Does a bankruptcy court have the authority to dispose of a maritime lien through application of bankruptcy law? That was one of the questions put before the United States Court of Appeals for the Ninth District in a case concerning the maritime lien of a seaman and his right to maintenance and cure under admiralty law.
Barnes v Hawaii Rafting, LLC. 16-15023
In July 2012, Charles Barnes was the captain of the sightseeing/snorkeling vessel M/V Tehani when a faulty fuel tank exploded. Barnes suffered serious injuries as a result of the explosion. He sued his employers, Sea Hawaii Rafting, LLC, and the company’s owner Kris Henry, seeking compensation for maintenance and cure, damages, and attorney’s fees resulting from the explosion. He sued the vessel, the Tehani, in rem, and SHR, LLC and Henry in personam to enforce his seaman’s maritime lien against the vessel.
In admiralty law, a maritime lien is a non-possessory property right in a vessel. It is placed upon a vessel to ensure payment for “necessary” services. There are a number of claims in which a maritime lien may be placed against a vessel, including, as in the Barnes case, a personal injury claims resulting from a defect in a ship. It is an action in rem (property), meaning that is an action against the maritime property — in this case, the Tehani, not the owner.
A Matter for Admiralty Courts?
Normally, Admiralty courts handle such claims, but this did not happen in Barnes’ case for two reasons. First, the district court rejected Barnes’s pretrial requests to enforce SHR’s obligation to pay maintenance and cure, despite the fact that they concluded he was entitled to these benefits. Second, after SHR, LLC declared bankruptcy, the bankruptcy court concluded that the Tehani was an asset of the debtor’s estate and that the automatic bankruptcy stay barred proceedings to enforce Barnes’s maritime lien against the vessel.
The court dismissed Barnes’ claims against the Tehani, reasoning that it lacked in rem jurisdiction to enforce his claim of a maritime lien on the Tehani. Then, while Barnes’ appeal was pending, the Tehani was sold — with the court’s approval — free and clear of Barnes’ maritime lien. The bankruptcy trustee subsequently moved to dismiss Barnes’ appeal as moot.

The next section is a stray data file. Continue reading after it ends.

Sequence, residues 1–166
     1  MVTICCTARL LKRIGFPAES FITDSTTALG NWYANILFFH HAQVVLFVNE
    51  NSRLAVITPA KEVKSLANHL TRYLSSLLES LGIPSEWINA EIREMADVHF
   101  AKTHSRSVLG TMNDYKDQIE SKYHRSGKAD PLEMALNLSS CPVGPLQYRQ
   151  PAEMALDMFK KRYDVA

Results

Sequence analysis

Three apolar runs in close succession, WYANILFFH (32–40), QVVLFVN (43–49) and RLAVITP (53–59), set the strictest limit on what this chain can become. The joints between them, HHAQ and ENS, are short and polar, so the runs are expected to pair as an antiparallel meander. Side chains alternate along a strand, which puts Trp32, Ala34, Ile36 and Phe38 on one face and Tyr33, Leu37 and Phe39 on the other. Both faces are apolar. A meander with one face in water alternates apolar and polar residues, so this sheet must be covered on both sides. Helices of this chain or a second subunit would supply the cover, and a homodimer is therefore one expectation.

The U.S. Appeals Court Came to a Different Conclusion
The appeals court disagreed, reversing and remanding the earlier decision. They concluded that:
- The district court erred by denying Barnes’s maintenance requests in full, staying the action and dismissing the Tehani.
- The district court did not lose in rem jurisdiction while the Tehani remained in its constructive custody. SHR’s bankruptcy petition did not divest the district court of in rem jurisdiction nor did it affect Barnes’s maritime lien against the Tehani.
- A bankruptcy court does not have authority to dispose of a maritime lien through application of bankruptcy law.
The court also denied the bankruptcy trustee’s motion to have the appeal dismissed as moot.
Bankruptcy Law versus Admiralty Law
The decision in Barnes v Sea Hawaii Rafting, LLC demonstrates the importance of complying with admiralty laws during the divestment of maritime assets in bankruptcy court.
If you are a maritime worker who has been injured while serving aboard a vessel, you have a right to claim maintenance and cure benefits for your injuries. Even if the vessel’s owners declare bankruptcy, you still have a maritime lien against the vessel, entitling you to collect damages in case of injuries.
This case demonstrates the complicated nature of many maritime injury claims and why it is so important to be represented by an attorney with extensive experience in maritime law.
The New Orleans maritime attorneys of The Lambert Firm have been helping injured seamen and other maritime workers navigate the difficult straits of maritime law for over 40 years. If you were injured in a maritime accident, contact The Lambert Firm to schedule a free consultation and discuss your case.